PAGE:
Posts Tagged izakaya
Tonight was my “unofficial” farewell party. For those who haven’t been following the blog, when a teacher relocates to another part of Japan or moves home they often get two farewell parties: the “official” party which is attended by teachers and staff, and the “unofficial” party which is attended by teachers and students.
Azeroth took charge of organizing the party, inviting students from the two branches that I worked at in the area, Numazu and Mishima. The turnout was really impressive! We started off our evening at an izakaya and then ended up going to the second party at karaoke. The whole evening was a lot of fun, and I’m happy that I got one last chance to say goodbye and make everyone listen to my terrible singing.
After work I had plans with a few teachers to go for a beer at Wara Wara. Our outing started small, but as word got around more people kept showing up. Our table started to get cramped, so we asked to upgrade to a larger table. Wara Ware was already hosting a large party, so they couldn’t give us anything bigger.
Since we didn’t want to remain stacked like sardines, we relocated to Uotami, where we were joined by even more teachers and friends. I’m not sure if everyone really needed a drink, or if people were afraid of missing out: whatever the reason our small group going for a few beers had turned into an event. We eventually outgrew our table at Uotami, so the staff moved us into an available party room.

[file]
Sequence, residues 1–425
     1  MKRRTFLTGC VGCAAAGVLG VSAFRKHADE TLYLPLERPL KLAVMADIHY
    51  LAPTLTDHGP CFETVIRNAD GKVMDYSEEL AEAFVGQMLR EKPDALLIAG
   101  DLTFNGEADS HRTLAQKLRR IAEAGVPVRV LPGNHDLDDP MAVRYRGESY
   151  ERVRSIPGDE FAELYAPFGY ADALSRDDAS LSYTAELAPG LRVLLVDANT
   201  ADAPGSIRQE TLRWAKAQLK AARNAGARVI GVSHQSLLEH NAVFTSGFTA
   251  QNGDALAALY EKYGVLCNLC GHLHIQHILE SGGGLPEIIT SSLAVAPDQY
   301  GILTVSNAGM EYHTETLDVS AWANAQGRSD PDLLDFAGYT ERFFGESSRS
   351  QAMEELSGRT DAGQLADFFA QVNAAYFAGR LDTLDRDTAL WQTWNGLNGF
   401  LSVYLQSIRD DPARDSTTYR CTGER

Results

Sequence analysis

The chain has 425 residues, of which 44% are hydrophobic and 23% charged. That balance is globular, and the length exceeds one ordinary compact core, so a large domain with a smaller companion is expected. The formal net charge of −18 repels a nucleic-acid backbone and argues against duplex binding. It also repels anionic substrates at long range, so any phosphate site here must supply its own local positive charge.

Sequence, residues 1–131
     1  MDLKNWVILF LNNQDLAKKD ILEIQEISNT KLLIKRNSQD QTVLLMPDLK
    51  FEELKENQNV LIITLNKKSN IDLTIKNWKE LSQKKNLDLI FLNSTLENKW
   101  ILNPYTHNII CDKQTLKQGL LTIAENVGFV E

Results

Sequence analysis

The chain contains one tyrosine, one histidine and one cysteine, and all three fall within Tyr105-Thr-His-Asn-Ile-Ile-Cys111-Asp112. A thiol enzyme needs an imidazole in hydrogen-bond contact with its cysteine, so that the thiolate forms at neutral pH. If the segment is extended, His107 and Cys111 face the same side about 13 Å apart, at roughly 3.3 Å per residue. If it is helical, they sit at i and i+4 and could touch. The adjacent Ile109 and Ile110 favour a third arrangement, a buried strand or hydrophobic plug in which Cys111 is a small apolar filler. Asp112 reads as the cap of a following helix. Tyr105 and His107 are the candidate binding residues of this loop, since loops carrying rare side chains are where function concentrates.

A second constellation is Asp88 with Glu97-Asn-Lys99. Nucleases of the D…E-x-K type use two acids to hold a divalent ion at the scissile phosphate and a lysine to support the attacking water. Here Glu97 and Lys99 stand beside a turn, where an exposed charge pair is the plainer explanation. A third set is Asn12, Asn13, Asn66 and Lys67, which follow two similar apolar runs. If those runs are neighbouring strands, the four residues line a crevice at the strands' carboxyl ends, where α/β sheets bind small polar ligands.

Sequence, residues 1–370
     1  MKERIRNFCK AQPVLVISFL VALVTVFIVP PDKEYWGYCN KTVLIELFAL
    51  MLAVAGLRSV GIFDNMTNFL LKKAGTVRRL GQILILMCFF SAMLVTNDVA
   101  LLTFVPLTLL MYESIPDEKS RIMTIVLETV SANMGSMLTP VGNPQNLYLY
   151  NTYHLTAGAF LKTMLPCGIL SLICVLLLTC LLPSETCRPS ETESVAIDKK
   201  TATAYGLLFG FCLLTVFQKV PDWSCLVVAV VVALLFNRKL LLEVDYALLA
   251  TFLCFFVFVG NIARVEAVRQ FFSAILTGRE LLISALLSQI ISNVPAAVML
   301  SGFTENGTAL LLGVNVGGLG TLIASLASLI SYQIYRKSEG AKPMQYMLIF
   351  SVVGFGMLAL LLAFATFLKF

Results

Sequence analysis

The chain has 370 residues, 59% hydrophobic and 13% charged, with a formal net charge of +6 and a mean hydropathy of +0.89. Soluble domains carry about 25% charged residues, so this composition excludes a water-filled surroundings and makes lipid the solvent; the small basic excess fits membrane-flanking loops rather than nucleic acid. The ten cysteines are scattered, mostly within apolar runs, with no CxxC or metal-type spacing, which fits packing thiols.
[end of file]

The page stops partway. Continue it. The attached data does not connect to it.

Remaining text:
The good news is that our spacious party room contained a karaoke machine. The bad news was that the karaoke machine did not have the usual selection of English songs that we could find at our usual karaoke places. The thought of staring at an unused karaoke machine was too much for me to bear, so I started searching through the song book for anything that might have more English than Japanese.
Many of the printed songbooks for karaoke rooms show the first line of the song next to the name and artist. I scanned through the list and stopped at something that looked amazing: Sad Cows Song by Japanese ska / punk bank Shakalabbits.
The song was 98 seconds of pure awesome. With lyrics including “Let us drink to much milk hey, because we feel sorry for the cows around the world” it quickly because a highlight of our evening. Hooray for Shakalabbits!